All interpreters who take apostasia to be the rapture (the “departure”) point out that in the Greek text this noun has a definite article. It is therefore he apostasia, “the departure.” Since it is a well-known rule of grammar that the definite article points out something definite, it is obvious that whatever he apostasia refers to, it was something known to the Thessalonians and something most likely mentioned by Paul already in his letters to them. This is critical to the discussion because the rapture has been specifically mentioned in Paul’s first letter (1 Thes. 4:13-18) and already in his second letter (2 Thes. 2:1) but Paul has not mentioned an apostasy, i.e. a religious falling away, at all.
Writers who do not believe in a rapture readily admit this function of the article and yet persist in talking of a religious departure as if it is in the context. John Eadie the Scottish Presbyterian of a century ago, for example, says, “Thus apostasia, so signalized by the article he, is something so far familiar to them, and on which they had enjoyed previous instruction. See verse 5.” Yet in the next sentence he says, “It is a spiritual falling away . . .”13 But his only proof is that Paul must have taught the Thessalonians the words of Christ during his first visit, thus the reference to vs. 5, “Remember ye not, that, when I was yet with you, I told you these things?” But this is merely conjecture on his part.
So to what does the definite article point? Leon Wood says,
In later books (e.g., 1 Tim. 4:1,2; 2 Tim. 3:1-9; 4:3,4), Paul does refer to the last days as a time when men will forsake the faith; but he has made no mention of that idea in either First or Second Thessalonians, and these were the first he wrote. So, then, as the Thessalonians would have read this usage of the word apostasia, they would have no background for understanding it as a departure from the faith. Also, since Paul does not refer to the idea of last-day defection from the faith in any of his books, until the last he wrote, it is not likely that it was a subject of which he spoke orally to churches this early in his ministry. Further, when Paul does present the idea in his last books, he does not employ the word apostasia in doing so, which suggests that, even then, Paul did not particularly associate this word with the idea.”14
Thus we must agree with the “departure” view writers such as Wuest when he writes, “In 1 Thessalonians 4:13-18, Paul had given these saints teaching on the Rapture, and the Greek article here points to that which was well known to both the reader and the writer, which is another use of the Greek definite article.”15 Therefore the most natural meaning of apostasia with this “explicit article”16 used by Paul is the rapture of the church to heaven, here called “the departure.”
Paul’s purpose and style in writing
All writers of the “departure” view point out the purpose for which Paul was writing. These believers were being persecuted for their faith, a persecution which began under Claudius (41-54 AD), and which was now in full swing. Could this be the dreaded day of the Lord which Paul had explained? Could they have missed the rapture which was so plainly taught to them? “Paul is, accordingly, writing this letter to straighten out their misunderstanding. Paul’s answer, in a word, is that this predicted time of trouble which begins the Day of the Lord was still future. The persecutions they were undergoing were the normal persecutions that can be experienced by all Christians throughout the church age.”17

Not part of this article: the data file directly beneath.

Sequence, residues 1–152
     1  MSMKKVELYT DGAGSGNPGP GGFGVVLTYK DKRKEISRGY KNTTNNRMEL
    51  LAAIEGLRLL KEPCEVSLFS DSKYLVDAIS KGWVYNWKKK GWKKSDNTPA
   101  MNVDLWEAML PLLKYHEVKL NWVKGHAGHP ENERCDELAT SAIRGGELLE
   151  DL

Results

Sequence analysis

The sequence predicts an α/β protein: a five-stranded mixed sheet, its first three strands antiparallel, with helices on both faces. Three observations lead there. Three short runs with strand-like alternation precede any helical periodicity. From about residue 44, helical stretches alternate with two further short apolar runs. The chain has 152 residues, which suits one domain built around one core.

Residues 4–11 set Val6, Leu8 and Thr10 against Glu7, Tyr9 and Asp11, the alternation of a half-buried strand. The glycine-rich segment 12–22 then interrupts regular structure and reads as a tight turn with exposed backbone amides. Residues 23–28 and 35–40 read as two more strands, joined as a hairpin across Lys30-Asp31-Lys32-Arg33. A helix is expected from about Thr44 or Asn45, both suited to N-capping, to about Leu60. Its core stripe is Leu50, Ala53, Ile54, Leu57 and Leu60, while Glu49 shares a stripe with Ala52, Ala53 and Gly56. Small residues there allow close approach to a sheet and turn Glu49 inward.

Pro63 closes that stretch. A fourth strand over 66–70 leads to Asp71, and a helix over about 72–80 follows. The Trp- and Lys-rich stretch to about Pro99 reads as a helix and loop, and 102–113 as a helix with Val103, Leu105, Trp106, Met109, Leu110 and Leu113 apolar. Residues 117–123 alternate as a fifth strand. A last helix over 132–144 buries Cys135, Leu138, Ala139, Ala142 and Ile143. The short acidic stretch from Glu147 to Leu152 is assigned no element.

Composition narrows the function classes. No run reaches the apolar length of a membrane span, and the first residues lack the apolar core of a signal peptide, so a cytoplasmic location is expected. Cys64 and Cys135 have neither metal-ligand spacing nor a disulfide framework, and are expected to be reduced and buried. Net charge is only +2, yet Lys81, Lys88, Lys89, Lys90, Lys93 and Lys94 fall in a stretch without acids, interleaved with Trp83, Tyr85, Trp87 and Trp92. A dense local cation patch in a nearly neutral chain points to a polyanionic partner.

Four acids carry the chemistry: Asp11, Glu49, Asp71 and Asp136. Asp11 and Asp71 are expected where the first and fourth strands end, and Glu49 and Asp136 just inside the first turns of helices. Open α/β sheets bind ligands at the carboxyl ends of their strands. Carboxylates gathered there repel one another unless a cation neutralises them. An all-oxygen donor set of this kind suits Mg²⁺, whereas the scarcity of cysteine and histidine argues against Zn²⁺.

But a further reason for understanding apostasia to be the departure of the church is given by Myron Houghton, that is, Paul, consistent with his style, repeats the two reasons given in vs. 3 again in vss. 6-9.
In verse 3, Paul states that two events must occur before the day of the Lord can come, namely (1) the ‘falling away,’ and (2) the revealing of the man of sin. Paul’s reference to this second event seems to be more fully described in verses 8-9. If, indeed, this is Paul’s style, then verses 6 and 7, which describe the removal of the Holy Spirit and the church, would be a more detailed explanation of the first event in verse 3 (the ‘falling away’).18
Therefore, this style of writing argues for a “departure” rather than “a falling away” in vs. 3.
And so . . .
In 1954 Dr. English humbly concluded his remarks by saying, “We have expressed our understanding of the passage as fully as we are able. We are persuaded, in our own mind, that this is the correct view of this passage. If we are not mistaken, we have here a final answer to the time of the translation of the Church in relation to the Tribulation.”19
1. Herman Hoyt, The End Times (Chicago: Moody Press, 1969) 127.
2. E. Schuyler English, Re-Thinking the Rapture (Neptune, N.J.: Loizeaux Brothers, 1954) 69.
4. Kenneth S. Wuest, Prophetic Light in the Present Darkness (Grand Rapids: Eerdmans, 1956) 40.
5. Leon J. Wood, The Bible & Future Events (Grand Rapids: Zondervan, 1973) 87-88.
6. J. Vernon McGee, I & II Thessalonians (Pasadena: Thru The Bible Books, 1978) 120.
7. Bernard E. Northrup, “The Rapture in Second Thessalonians, The Biblical Evangelist. nd. Also at, http://www.biblicalevangelist.org/index.php?id=473.
8. Dr. Myron Houghton, “The Rapture in II Thessalonians 2:1-10,” Faith Pulpit, April, 2002.
9. Kenneth S. Wuest, “The Rapture—Precisely When?”, Midnight Call, October 2005.
10. English, 68.
11. Houghton, 2.
12. Wuest, Prophetic Light, 40.
13. John Eadie, Commentary on St. Paul’s Second Epistle to the Thessalonians (Minneapolis: James & Klock Christian Publishing, 1977) 266.
14. Wood, 88.
15. Wuest, “The Rapture—Precisely When?, 6.
16. Dana and Mantey, A Manual Grammar of the Greek New Testament (Toronto: Macmillan, 1957) 137.
17. John Walvoord, The Thessalonian Epistles (Grand Rapids: Zondervan, 1974) 102.
18. Houghton, Reason #4.
19. English, 71.